What Is The Lead Bank Scheme in India?

The Lead Bank Scheme is a scheme which aims at  providing adequate banking and credit in rural areas through an ‘service area approach’, with one bank assigned for one area. It was introduced in 1969 in view of this aim.
On the recommendation of the Gadgil Study Group and Banker’s Committee, the Scheme was introduced by RBI. As per the  studies by the committees it was found that the rural areas were not able to enjoy the benefits of banking.  Also, that the commercial banks did not have adequate presence in rural areas and also lacked the required rural orientation which was hindering the growth of rural areas.
To address this issue it was decided that some areas or sector will be given to the banks whether private or public in which that bank had to play a lead role in providing financial services to the people, making them aware about   

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Objectives of The Lead Bank Scheme:

Given below are some of the objectives which were aimed to achieve with the help of this scheme:

  • One of the objective was to identify those regions which  unbanked and underbanked  in districts and also to evaluate their physiographic, agro climatic end Socio-economic conditions through economic survey.
  • Another objective was to help in removing regional imbalances through appropriate credit deployment.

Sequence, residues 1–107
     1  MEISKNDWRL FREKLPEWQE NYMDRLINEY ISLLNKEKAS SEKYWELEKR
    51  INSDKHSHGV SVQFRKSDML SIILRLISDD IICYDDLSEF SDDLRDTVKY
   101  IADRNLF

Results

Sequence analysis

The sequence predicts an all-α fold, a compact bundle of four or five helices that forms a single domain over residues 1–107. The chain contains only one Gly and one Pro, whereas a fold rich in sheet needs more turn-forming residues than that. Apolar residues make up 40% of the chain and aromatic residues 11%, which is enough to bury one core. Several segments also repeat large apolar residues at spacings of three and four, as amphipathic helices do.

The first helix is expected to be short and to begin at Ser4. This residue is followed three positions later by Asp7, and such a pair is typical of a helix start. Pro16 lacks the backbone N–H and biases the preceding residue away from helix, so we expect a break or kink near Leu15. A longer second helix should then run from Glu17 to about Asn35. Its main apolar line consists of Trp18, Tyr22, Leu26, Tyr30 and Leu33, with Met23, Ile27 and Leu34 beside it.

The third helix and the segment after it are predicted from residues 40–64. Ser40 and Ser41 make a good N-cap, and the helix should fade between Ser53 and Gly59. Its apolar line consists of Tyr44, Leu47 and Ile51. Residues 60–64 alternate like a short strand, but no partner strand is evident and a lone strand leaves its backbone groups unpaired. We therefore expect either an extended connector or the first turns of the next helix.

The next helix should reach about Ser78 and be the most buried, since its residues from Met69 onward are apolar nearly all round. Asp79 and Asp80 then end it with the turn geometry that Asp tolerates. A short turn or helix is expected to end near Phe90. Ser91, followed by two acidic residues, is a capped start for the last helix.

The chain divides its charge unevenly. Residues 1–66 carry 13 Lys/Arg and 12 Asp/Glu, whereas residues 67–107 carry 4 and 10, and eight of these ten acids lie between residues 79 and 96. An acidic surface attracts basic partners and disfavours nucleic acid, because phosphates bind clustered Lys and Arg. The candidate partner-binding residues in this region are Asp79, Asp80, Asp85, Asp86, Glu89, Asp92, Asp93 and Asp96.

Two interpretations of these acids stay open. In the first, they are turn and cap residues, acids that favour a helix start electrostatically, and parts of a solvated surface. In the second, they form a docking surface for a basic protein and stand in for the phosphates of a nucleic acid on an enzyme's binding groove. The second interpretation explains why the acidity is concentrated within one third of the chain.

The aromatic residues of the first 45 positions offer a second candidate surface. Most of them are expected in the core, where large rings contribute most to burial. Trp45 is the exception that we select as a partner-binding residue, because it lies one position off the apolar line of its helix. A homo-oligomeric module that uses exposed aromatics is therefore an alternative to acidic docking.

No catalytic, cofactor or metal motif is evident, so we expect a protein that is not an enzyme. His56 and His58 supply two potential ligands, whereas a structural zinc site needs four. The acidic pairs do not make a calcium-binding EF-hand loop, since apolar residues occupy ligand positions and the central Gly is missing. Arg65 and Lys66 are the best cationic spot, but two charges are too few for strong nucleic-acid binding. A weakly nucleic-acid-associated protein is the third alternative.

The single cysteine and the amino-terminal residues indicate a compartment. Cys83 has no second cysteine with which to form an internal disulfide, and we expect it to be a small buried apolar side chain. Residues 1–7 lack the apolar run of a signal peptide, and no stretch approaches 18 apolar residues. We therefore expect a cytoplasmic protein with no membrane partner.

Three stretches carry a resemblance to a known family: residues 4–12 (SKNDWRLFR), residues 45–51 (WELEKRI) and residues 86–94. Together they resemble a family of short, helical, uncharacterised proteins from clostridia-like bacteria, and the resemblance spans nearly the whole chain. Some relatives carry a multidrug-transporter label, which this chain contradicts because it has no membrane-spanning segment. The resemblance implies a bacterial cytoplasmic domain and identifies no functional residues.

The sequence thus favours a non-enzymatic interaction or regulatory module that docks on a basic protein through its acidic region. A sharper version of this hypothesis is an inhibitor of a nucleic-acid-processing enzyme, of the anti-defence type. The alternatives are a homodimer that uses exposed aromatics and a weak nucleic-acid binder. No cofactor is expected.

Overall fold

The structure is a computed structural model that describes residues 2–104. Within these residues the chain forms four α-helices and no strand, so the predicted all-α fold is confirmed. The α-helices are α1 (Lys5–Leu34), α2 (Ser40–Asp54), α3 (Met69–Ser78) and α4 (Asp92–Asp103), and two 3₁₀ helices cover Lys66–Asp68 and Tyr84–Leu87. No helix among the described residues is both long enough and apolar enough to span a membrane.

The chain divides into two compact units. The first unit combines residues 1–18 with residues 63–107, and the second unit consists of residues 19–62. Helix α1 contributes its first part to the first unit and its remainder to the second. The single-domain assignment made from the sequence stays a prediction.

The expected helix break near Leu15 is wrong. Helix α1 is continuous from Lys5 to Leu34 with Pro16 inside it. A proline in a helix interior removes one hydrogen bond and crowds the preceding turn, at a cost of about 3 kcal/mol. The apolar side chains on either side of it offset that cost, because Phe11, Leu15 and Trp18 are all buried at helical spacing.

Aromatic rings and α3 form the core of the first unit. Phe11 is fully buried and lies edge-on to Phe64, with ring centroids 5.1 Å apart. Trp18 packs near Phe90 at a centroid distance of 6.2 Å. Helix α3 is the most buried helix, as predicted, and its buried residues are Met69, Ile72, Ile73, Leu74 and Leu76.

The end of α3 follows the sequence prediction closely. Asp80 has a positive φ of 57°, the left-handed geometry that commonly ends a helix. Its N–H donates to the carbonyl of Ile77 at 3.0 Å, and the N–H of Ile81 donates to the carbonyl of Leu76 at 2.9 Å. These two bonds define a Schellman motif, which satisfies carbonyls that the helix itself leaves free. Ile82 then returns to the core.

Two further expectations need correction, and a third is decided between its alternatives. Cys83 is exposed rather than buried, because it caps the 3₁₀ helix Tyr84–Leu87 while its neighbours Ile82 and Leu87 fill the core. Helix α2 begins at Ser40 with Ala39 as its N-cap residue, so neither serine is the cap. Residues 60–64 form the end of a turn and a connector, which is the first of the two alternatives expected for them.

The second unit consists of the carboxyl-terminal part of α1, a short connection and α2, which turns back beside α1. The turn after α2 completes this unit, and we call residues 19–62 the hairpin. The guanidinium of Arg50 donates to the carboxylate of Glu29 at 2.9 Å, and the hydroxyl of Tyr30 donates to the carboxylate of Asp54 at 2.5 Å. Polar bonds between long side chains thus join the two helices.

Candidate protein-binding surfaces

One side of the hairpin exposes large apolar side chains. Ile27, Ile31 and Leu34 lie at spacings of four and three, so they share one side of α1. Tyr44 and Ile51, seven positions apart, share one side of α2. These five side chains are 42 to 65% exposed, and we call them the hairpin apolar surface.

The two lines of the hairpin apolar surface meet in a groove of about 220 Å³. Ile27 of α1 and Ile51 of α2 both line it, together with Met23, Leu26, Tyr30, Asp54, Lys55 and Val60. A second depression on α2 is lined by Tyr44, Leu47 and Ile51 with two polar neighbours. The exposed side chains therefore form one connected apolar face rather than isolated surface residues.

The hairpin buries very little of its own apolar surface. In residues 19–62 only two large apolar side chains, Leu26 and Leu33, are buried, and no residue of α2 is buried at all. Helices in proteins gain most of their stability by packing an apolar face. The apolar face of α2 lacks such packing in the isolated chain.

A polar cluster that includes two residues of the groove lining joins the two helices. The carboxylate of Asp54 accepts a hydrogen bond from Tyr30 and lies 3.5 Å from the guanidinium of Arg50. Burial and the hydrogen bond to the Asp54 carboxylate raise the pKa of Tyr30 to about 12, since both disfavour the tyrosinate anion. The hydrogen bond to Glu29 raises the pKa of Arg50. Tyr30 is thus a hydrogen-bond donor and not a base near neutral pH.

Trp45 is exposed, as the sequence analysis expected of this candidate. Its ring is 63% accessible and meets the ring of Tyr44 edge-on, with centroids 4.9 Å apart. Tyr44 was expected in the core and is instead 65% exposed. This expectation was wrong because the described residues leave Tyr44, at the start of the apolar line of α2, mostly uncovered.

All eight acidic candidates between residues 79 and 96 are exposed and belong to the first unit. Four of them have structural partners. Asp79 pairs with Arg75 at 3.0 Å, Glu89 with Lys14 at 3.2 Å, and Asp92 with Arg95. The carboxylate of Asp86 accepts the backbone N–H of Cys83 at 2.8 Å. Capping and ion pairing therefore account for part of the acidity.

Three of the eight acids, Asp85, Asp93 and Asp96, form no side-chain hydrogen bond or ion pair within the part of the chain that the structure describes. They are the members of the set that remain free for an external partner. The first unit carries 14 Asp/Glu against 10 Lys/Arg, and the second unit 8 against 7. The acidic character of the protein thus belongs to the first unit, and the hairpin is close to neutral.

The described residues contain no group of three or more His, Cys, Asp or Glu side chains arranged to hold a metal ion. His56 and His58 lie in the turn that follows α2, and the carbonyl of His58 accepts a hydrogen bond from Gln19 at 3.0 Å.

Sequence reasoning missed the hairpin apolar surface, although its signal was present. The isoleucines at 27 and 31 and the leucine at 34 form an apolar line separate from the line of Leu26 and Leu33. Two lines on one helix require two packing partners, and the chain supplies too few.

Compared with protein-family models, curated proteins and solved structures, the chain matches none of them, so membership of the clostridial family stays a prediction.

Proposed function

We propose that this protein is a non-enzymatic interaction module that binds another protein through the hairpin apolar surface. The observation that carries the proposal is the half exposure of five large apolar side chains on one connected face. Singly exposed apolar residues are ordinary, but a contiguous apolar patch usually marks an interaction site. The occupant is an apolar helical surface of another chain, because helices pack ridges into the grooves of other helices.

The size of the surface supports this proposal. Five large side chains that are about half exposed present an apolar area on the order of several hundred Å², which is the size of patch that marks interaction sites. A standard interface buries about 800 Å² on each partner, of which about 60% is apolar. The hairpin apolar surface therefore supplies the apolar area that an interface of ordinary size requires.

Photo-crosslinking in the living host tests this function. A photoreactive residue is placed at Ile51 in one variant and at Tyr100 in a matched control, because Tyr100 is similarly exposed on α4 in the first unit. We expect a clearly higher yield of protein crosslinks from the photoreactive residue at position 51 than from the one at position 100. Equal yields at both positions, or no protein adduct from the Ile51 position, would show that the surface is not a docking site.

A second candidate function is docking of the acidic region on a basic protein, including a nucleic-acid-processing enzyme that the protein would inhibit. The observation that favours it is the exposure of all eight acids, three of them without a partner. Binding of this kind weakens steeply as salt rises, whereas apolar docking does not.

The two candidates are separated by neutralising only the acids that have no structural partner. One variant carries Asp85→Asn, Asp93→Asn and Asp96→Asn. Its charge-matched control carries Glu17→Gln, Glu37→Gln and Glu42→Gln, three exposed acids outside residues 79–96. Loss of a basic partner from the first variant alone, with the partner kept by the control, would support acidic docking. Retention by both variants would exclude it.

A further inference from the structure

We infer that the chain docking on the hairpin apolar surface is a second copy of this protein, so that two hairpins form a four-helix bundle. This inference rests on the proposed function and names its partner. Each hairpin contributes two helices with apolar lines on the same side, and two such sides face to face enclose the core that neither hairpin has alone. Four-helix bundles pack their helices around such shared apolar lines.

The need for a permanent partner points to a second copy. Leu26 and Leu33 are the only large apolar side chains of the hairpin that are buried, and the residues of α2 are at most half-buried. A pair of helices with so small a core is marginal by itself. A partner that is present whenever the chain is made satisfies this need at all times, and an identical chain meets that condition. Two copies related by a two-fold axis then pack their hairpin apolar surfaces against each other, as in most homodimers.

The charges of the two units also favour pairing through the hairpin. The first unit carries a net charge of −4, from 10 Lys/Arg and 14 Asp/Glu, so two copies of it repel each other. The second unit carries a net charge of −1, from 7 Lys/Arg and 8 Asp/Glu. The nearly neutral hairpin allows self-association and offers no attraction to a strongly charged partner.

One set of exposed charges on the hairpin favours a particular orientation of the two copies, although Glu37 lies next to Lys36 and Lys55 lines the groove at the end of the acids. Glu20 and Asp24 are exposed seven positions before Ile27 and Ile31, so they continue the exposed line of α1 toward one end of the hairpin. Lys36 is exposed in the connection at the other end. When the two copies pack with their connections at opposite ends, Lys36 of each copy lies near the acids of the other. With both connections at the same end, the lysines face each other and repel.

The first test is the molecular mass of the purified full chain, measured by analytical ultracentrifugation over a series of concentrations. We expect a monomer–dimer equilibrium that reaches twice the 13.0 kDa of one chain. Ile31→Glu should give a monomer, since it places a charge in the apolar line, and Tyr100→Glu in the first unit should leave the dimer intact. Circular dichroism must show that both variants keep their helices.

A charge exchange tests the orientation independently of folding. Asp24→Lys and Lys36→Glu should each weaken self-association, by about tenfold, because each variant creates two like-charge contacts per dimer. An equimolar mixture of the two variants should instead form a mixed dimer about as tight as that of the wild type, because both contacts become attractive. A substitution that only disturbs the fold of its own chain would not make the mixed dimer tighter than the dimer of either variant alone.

• The main objective was to extend banking facilities to unbanked areas
  • It was observed in the studies by the committee that there are certain credit gaps in various sector which need to be address and a credit plan is needed.
  • It was important to identify economically viable and technically feasible schemes.
  • The structural and procedural changes in banking sector were needed.
  • Development of co-operation amongst financial and non-financial institutions, in overall development of the districts were also neede.
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Usha Thorat Committee on LBS

A high- power committee was constituted by Government Of India and it was headed by the Usha Thorat, former Deputy Governor of RBI,  in order to suggest some reforms in the LBS. The main objective of the panel  was to recommend steps to revitalize the LBS, given the challenges facing the banking sector, especially in an era of increasing privatization and autonomy. Following recommendation were given by this panel:

  • The scope of the scheme needs to be enhanced.
  • A sharp focus on facilitating financial inclusion rather than going for a mere review of the government sponsored credit schemes was suggested.
  • It was suggested by the panel that LBS should be continued to accelerate financial inclusion in the unbanked areas of the country.
  • The role of Private sector banks in LBS action plans, particularly in areas of their presence must be extended.
  • Enhancement of the business correspondent model was suggested in order to  make banking services available in all villages having a population of above 2,000, and relaxation in KYC (know your customer) norms for small value accounts.

From the above mentioned points we can see that the main objective of the  lead bank scheme (LBS) was financial inclusion. The Usha Thorat committee highly favoured the further continuance and revitalization of the scheme for the sake of the financial inclusion in the country.

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